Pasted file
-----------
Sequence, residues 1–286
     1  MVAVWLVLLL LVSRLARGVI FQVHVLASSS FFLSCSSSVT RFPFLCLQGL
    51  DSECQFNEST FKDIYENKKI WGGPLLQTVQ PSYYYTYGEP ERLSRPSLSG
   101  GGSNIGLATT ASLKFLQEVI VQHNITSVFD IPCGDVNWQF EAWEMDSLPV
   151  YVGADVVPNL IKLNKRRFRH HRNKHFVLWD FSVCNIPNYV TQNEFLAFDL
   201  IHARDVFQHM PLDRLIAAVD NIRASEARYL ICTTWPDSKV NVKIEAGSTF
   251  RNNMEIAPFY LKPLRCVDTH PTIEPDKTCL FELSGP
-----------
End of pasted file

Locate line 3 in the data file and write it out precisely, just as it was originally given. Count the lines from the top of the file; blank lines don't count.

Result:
    51  DSECQFNEST FKDIYENKKI WGGPLLQTVQ PSYYYTYGEP ERLSRPSLSG